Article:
Hidden clarinet melody?

A “hidden” melody in the middle of the second movement of Beethoven’s 7th Symphony is uncovered and performed by the Fauxharmonic Orchestra. The melody is actually only “hidden” in plain sight, for it is clearly written in the score, though rarely heard in most recordings and concerts.

5 replies
  1. Paul Henry Smith
    Paul Henry Smith says:

    Jay, I know what you mean about the “mathematical” nature of my performance. It’s due to the fact that the music is not really performed in real time. No natural tempo fluctuations allowing for the music to breathe. The next version will actually be performed and not merely fashioned in the studio. Thanks for you comment!

    Reply
  2. Jay Alan Miller
    Jay Alan Miller says:

    Hi,

    I listened to your podcast and think that you are looking at performance in a perhaps “mathematical” way. One could find lots of “hidden elements” in scores, and lots art in great performances IMO. I think that Bernstein shaped every phrase in that piece, as a performer, in “Berstein’s way”. And I find it to be sheer extasy, that he brings out the poetry that the notes merely “spell out”. I thought that your version (apart that competing with the NY phil is tough) maybe got the notes, but missed the essential art in it.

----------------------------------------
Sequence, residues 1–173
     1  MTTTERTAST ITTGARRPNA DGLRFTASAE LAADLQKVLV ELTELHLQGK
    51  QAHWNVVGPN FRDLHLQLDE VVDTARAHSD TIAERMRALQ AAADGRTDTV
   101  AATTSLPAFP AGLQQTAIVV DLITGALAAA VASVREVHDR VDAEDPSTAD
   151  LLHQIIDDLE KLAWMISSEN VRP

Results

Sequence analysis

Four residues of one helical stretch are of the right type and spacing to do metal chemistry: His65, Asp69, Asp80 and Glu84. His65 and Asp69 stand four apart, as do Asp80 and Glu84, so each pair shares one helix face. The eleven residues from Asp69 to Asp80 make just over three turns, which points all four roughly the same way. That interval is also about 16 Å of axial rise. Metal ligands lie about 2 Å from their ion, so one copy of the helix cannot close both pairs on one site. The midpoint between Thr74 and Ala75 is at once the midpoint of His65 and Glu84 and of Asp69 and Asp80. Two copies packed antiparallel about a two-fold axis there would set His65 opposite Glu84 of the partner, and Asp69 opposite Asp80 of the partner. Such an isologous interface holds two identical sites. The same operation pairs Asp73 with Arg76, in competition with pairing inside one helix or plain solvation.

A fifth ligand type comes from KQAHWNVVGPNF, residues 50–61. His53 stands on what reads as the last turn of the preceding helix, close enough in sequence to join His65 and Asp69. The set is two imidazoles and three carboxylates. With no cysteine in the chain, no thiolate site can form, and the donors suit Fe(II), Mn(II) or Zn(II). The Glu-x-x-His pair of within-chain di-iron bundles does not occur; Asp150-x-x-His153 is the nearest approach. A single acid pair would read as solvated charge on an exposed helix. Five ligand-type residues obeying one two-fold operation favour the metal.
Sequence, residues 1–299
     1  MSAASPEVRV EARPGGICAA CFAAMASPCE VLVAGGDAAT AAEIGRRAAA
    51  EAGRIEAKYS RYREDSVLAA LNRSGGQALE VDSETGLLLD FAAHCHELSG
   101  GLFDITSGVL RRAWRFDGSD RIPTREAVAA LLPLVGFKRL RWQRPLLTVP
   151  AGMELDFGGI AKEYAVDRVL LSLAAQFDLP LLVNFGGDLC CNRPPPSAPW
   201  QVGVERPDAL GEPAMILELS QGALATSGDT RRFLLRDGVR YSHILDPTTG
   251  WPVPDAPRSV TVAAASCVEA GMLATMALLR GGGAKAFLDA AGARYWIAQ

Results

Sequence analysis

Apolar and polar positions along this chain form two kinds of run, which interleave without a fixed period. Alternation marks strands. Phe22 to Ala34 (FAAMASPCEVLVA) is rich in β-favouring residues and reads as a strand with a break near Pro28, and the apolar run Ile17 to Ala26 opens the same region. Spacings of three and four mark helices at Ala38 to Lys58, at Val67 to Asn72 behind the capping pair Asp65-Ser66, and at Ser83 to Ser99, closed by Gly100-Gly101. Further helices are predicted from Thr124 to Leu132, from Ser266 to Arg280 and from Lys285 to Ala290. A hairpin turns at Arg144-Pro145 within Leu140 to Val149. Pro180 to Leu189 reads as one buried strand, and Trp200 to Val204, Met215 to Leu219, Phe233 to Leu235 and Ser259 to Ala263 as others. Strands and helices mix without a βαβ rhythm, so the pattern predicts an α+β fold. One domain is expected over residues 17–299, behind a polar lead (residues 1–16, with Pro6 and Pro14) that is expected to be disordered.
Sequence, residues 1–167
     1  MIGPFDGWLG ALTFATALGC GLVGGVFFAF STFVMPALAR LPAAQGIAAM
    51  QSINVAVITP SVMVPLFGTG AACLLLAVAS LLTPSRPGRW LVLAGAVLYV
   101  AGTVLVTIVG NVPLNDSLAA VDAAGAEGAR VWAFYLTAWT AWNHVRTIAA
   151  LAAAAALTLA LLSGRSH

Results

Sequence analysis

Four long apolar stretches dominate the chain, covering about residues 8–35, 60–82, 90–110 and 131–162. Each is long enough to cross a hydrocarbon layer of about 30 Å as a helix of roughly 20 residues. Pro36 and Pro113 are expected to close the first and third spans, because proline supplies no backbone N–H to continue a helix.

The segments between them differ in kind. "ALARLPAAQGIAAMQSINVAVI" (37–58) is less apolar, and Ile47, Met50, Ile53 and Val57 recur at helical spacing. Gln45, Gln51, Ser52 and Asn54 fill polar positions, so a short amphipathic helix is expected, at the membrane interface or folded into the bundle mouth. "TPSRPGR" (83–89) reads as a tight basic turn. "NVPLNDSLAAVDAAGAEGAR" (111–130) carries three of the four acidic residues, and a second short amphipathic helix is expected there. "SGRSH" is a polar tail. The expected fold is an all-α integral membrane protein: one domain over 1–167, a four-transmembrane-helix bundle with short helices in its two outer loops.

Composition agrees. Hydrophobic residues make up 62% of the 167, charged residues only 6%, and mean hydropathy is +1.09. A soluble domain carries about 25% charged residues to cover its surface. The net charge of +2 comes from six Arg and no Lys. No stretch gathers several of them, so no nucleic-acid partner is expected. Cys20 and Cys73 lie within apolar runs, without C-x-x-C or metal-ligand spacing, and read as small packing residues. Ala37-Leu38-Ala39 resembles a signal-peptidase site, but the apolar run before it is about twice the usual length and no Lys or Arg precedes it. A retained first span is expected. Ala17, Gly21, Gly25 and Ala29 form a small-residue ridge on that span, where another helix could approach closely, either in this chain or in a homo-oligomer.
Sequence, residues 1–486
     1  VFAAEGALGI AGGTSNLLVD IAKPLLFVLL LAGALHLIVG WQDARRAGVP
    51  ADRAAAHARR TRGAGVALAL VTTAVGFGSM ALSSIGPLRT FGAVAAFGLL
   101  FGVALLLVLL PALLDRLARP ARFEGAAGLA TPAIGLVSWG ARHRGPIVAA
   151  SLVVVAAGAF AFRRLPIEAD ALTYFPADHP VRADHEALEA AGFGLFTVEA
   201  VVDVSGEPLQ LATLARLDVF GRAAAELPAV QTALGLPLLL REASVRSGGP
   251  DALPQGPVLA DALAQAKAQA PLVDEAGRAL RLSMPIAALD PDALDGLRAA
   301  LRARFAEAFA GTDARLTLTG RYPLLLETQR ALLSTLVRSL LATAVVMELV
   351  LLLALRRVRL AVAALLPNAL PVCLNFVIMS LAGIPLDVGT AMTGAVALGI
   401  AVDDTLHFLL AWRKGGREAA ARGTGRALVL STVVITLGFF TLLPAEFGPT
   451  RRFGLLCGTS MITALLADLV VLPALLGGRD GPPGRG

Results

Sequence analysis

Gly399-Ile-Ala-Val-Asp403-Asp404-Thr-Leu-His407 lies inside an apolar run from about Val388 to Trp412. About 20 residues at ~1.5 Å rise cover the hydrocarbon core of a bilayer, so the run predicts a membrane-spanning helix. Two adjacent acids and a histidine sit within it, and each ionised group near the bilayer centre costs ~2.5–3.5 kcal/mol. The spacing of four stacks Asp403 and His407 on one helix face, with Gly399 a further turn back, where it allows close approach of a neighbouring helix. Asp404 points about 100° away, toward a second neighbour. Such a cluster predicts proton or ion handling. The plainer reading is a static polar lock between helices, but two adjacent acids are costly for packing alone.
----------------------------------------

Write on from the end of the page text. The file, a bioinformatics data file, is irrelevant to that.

Reply
  3. Anonymous
    Anonymous says:

    Wow! Thanks Thomas and thanks Paul!
    This is a great conversation! I enjoyed reading it.

    I can see the points of each interpretation and would not dare to add my own now as i am still new to this field of music – at least in that depth. But i would like to mention that i am glad about the oportunity to learn about the details that way. And this is surely a field which is opened up to people like me by the digital orchestra. Wouldn´t it be interesting to discover the music and its hidden treasures by experimenting with it (if it just was a little easier accessable 😉 )? Does it count if one finds the truth or just one´s personal version of it? Isn´t this discussion already a celebration of the music? Ups – am i getting philosophical??

    Well, thanks again…. and keep up the good work 😉 !

    Michae

    Reply
  4. Paul Henry Smith
    Paul Henry Smith says:

    Thomas,

    Thanks for your intelligent comments. It’s about time someone who actually listens joined the discussion! As to your comments …

    Why would you bias the question by calling the clarinet (and bassoon!) lines a ‘melody’ and the other instruments a ’sustained note’ (actually three notes, two of them doubled at the octave, with a crescendo marked) or ‘wash of sound’?